Thursday, September 1, 2016
Pennsylvania Residents and First Responders Warned of Potentially Lethal Heroin Laced with Animal Sedative
Carfentanil is one of the most potent opioids in existence. It is 10,000 times stronger than morphine and 100 times more powerful than fentanyl. It is commonly used as a tranquilizer for large animals, such as elephants. Carfentanil can slow breathing significantly. It is unsafe for human use, and even a very small dose can be lethal.
“Carfentanil is a veterinary drug used to sedate large animals and can be lethal to anyone who comes into contact with it – not just heroin users,” Secretary Murphy said. “It’s essential that first responders, health professionals, and family members of heroin users educate themselves about carfentanil to avoid accidental overdoses. First responders are urged to utilize appropriate personal protective equipment when treating known or suspected heroin overdoses.”
The Department of Health recommends that first responders and health professionals who treat an individual suspected of taking the drug, or encounter the drug itself, should use extreme caution. Carfentanil is absorbed through skin contact, inhalation, oral exposure, or ingestion, which may lead to an accidental drug poisoning.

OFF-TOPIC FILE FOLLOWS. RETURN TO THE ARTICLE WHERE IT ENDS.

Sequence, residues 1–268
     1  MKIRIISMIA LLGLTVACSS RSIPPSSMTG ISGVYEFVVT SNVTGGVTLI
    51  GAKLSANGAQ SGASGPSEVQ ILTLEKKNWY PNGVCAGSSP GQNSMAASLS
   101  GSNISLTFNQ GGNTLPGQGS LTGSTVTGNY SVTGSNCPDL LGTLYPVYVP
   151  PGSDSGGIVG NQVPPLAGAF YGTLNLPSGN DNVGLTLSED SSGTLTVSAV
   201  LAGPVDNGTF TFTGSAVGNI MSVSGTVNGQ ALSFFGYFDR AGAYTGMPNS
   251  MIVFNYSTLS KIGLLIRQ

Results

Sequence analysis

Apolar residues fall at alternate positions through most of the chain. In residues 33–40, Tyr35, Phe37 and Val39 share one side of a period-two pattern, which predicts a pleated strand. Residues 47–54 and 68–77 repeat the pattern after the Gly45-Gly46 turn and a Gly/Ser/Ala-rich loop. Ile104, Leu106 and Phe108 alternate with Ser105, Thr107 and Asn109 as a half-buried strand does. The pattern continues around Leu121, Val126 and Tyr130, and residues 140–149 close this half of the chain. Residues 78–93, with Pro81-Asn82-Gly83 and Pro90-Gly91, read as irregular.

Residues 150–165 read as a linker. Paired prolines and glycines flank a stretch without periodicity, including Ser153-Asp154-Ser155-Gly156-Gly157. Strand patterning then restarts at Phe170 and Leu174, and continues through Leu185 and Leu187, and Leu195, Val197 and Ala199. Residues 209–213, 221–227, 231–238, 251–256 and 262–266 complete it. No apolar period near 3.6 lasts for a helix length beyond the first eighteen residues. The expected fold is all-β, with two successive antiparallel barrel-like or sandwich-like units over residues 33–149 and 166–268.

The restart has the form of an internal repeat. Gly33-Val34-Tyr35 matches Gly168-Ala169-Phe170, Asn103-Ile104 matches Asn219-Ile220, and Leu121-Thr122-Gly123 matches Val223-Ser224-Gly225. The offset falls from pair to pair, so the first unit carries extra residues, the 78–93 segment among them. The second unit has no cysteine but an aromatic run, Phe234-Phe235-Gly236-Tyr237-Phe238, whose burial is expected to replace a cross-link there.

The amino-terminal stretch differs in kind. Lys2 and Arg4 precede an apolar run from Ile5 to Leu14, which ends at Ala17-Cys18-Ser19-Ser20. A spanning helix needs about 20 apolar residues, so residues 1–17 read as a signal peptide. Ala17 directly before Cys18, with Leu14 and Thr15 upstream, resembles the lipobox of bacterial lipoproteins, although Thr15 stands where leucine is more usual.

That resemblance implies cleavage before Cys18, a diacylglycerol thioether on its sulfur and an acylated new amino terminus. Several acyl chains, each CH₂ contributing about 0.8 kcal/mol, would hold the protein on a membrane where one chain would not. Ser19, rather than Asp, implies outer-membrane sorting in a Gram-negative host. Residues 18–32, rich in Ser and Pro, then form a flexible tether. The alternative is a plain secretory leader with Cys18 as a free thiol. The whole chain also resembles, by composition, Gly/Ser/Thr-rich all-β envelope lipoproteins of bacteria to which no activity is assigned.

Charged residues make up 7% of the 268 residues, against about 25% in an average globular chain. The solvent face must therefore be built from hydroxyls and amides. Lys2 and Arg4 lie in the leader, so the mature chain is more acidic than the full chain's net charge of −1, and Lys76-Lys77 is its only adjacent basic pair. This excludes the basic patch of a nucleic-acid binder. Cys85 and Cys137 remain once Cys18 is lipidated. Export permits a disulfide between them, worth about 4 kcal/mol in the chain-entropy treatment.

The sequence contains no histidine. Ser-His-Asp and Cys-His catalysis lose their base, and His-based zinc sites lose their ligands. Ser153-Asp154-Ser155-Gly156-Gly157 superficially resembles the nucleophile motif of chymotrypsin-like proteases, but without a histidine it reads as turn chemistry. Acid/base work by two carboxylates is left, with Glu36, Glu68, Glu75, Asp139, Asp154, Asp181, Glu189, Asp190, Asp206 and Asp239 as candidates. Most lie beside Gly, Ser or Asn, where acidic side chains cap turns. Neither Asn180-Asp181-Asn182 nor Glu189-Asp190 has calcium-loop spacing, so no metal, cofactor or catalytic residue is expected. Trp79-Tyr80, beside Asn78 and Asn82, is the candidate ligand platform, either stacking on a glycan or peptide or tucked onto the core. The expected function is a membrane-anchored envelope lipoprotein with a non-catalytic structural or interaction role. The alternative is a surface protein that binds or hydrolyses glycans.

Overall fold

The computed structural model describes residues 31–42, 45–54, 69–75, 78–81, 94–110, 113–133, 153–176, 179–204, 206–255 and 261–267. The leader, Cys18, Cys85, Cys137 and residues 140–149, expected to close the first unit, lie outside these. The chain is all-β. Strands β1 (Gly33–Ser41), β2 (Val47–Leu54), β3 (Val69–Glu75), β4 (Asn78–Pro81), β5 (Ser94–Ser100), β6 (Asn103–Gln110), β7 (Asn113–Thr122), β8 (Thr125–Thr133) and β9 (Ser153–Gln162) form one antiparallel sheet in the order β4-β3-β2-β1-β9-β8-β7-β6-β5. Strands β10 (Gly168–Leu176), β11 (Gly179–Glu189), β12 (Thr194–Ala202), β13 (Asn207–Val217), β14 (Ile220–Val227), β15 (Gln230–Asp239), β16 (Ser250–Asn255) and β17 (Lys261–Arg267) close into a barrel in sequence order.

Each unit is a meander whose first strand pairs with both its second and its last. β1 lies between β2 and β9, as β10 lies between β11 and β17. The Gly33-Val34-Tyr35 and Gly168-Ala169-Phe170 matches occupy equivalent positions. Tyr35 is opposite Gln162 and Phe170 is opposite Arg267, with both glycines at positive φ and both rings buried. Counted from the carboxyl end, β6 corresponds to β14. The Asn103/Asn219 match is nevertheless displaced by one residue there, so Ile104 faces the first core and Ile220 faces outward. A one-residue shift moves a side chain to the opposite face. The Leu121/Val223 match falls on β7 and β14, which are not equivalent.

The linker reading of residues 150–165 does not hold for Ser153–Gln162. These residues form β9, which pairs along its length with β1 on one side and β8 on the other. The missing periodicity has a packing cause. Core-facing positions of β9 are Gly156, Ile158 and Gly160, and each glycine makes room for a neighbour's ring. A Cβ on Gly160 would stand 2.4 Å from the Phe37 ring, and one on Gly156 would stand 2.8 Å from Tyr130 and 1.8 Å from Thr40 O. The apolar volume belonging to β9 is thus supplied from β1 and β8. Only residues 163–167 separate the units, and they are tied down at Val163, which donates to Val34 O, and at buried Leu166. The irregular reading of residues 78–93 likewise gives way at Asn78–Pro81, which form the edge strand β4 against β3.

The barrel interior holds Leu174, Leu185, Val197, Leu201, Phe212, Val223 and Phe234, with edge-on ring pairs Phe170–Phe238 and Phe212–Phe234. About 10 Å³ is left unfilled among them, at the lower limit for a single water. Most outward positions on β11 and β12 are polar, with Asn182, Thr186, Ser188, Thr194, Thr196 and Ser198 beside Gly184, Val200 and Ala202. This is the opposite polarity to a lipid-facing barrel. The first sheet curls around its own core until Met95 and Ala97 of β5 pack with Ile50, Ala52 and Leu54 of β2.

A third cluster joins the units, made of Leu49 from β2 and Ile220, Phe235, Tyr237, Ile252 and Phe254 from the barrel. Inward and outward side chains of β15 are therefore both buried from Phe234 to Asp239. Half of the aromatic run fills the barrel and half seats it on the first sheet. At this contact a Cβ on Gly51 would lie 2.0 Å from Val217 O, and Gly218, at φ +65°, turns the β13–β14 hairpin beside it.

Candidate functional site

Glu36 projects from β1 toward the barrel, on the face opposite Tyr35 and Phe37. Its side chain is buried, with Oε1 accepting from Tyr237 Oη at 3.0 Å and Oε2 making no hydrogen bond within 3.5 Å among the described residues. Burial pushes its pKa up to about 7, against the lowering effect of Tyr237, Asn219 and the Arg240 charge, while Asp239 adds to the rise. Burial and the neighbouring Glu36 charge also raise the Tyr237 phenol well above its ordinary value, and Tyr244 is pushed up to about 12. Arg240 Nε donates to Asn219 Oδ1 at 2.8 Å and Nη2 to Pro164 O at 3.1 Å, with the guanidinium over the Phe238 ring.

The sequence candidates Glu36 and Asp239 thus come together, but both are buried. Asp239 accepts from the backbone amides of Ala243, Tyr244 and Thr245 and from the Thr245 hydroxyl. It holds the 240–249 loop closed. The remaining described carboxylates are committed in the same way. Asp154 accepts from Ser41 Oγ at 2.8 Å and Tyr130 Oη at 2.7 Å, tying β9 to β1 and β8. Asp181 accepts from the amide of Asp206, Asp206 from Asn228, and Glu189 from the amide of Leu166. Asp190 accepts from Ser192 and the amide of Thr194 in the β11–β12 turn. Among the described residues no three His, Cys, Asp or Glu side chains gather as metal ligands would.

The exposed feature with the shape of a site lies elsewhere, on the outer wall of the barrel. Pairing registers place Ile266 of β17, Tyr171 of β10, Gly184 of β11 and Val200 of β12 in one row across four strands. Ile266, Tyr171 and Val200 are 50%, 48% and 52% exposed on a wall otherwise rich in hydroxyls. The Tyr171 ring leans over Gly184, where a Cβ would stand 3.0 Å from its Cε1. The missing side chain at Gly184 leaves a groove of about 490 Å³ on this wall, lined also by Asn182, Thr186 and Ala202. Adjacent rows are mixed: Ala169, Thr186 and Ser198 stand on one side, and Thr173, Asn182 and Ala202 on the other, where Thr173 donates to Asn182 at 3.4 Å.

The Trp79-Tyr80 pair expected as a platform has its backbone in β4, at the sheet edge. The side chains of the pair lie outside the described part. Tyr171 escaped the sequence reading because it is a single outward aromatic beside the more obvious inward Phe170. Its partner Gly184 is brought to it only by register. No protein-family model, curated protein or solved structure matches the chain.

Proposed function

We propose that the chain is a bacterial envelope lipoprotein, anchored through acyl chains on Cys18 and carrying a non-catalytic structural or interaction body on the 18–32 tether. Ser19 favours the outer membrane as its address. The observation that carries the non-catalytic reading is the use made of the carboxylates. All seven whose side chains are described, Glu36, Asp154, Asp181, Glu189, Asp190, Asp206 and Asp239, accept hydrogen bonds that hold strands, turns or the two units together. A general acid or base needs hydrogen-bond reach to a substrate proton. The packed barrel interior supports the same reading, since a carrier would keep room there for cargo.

Since carfentanil isn’t meant for human consumption, there aren’t any studies that can help us identify how effective Naloxone will be to reverse the effects of this drug. Naloxone is a life-saving medication that rapidly reverses heroin and other opioid overdoses. A standing order signed by Pennsylvania’s Physician General Dr. Rachel Levine serves as a prescription that all Pennsylvanians can use to get naloxone at pharmacies.
“The combination of heroin and carfentanil is extremely dangerous,” said Department of Drug and Alcohol Programs Secretary Gary Tennis. “Given that such a small amount of carfentanil can be deadly and most users of heroin mixed with carfentanil do not realize that is what they are getting, the chances of overdose death are very high.”
Heroin laced with carfentanil has been suspected of contributing to 174 overdoses in just six days in Cincinnati, Ohio. No overdoses from carfentanil-laced heroin have been confirmed so far in Pennsylvania. In 2015, more than 3,500 Pennsylvanians died from a drug overdose. Heroin and opioid overdose are the leading cause of accidental death in Pennsylvania.
Visit the “Opioid Abuse” page at www.health.pa.gov to learn more about state opioid initiatives. Learn more about Substance Use Disorder and treatment options atwww.ddap.gov.